The Louvre Museum in Paris has reopened to the public for the first time Monday after being closed due to the coronavirus outbreak for nearly four months.
According to The Agence France-Presse, the popular French tourist attraction implemented a stringent new set of health and safety protocols to keep visitors safe from the possible spread of the viral infection.
Closed since March 13, the Louvre Museum now requires guests to wear facial coverings at all times, book reservations ahead of time to limit the number of visitors, follow a guide and more.
In total, around 70 percent of the Louvre is accessible for viewing again. Museum director Jean-Luc Martinez said, “it’s very emotional for all the teams that have prepared this reopening.”
While the Louvre Museum hosted 9.6 million visitors in 2019—with as many as 50,000 people entering the facility per day—officials will limit entries to about 7,000 per day.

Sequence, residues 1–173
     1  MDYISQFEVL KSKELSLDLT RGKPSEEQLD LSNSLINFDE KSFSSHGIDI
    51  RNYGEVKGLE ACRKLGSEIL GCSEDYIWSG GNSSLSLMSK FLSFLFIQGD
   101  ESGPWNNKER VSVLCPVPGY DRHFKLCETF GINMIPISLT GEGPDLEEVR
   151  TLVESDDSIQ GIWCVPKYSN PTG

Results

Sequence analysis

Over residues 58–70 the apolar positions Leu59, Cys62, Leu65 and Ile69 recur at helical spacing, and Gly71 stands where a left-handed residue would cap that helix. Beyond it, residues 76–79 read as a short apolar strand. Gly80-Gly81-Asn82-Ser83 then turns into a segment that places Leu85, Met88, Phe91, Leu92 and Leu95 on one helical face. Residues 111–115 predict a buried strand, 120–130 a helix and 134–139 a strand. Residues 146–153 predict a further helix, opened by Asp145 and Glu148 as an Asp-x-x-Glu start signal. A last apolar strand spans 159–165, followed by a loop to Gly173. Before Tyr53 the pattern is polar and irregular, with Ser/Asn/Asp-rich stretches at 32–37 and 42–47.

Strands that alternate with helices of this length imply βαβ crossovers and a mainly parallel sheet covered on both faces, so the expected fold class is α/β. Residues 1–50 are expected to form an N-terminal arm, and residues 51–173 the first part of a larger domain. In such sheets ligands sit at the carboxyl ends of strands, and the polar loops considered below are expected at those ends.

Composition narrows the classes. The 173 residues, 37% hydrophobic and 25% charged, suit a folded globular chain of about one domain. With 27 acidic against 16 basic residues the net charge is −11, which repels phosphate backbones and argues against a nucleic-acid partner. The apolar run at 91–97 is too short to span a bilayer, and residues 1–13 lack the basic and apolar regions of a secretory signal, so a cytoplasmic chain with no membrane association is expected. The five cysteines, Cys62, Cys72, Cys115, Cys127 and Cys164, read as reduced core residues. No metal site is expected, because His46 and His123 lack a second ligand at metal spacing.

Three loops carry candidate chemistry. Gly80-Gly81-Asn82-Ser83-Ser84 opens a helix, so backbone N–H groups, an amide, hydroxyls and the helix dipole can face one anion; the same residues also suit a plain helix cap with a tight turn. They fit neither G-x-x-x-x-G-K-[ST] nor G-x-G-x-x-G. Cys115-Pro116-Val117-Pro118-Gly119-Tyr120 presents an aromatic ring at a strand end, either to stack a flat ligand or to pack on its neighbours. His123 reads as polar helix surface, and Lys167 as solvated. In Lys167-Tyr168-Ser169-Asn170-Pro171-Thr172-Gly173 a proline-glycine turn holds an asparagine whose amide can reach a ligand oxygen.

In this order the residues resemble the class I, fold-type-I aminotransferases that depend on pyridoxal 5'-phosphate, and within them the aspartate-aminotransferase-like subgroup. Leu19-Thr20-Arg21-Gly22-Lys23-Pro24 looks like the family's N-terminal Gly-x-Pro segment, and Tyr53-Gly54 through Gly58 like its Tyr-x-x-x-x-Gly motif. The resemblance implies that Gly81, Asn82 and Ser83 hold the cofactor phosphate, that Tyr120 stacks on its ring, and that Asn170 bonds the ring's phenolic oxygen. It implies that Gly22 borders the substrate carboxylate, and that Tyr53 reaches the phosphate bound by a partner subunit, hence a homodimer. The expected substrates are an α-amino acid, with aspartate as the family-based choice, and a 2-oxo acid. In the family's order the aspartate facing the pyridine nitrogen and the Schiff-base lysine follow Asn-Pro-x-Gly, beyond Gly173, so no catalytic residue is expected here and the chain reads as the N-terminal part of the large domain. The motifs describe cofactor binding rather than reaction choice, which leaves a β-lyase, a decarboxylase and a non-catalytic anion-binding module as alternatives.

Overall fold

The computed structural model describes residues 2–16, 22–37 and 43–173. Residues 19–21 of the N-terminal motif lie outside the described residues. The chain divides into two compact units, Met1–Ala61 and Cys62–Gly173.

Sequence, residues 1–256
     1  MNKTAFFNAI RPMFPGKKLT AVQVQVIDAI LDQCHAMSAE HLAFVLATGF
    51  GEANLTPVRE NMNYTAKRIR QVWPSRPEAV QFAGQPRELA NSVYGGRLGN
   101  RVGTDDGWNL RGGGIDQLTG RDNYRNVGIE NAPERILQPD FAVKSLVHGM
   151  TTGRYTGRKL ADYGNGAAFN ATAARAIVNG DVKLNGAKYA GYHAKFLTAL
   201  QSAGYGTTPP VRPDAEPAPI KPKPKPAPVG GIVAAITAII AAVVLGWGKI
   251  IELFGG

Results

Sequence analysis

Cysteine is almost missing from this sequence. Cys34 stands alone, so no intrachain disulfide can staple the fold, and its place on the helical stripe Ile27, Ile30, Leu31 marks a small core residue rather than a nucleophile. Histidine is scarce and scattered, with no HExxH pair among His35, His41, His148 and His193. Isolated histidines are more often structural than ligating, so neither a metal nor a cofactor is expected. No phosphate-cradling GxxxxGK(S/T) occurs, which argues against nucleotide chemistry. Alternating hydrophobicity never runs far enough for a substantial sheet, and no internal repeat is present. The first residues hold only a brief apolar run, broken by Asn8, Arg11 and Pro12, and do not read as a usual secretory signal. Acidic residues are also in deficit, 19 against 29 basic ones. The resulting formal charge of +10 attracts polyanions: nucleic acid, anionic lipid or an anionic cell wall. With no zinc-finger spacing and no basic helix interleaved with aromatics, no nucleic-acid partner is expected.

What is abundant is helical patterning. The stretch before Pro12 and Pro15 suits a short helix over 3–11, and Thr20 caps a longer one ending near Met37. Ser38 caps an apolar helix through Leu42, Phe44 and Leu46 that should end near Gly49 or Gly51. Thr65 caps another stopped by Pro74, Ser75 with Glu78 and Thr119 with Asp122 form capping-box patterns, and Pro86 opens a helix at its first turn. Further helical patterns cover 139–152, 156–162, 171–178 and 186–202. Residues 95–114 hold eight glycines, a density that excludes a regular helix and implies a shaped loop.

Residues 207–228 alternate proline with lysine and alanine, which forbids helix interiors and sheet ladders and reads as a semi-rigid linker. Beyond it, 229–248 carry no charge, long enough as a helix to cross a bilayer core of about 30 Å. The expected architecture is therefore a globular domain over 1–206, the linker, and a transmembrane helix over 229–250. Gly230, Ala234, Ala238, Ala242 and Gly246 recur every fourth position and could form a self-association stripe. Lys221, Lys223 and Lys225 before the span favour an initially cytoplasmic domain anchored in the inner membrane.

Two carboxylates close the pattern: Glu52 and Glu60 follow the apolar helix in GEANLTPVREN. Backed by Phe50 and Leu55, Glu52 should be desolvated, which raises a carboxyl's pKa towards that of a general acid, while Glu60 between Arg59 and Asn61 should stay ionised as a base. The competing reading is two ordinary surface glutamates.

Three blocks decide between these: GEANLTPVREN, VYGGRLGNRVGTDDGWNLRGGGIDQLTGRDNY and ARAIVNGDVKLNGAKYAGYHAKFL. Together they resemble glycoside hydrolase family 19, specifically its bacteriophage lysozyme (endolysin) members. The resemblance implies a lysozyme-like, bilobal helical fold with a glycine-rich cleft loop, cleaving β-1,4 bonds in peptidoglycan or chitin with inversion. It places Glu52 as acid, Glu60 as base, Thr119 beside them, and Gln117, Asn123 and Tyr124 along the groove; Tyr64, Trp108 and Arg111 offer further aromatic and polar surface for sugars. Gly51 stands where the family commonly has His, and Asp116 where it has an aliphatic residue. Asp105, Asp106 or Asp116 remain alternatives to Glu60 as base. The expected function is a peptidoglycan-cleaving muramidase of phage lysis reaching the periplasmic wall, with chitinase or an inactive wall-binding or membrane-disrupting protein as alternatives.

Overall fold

Monday may have been the grand reopening of the historic art museum, but several dozen tour operators protested outside the Louvre for more government support during the coronavirus crisis and its impact on the travel industry, according to Reuters.
France infused around $19 billion into its tourism sector in May, but tour guides on short-term contracts were still facing imminent financial hardship as the funds were not reaching the people within the industry who need it most.
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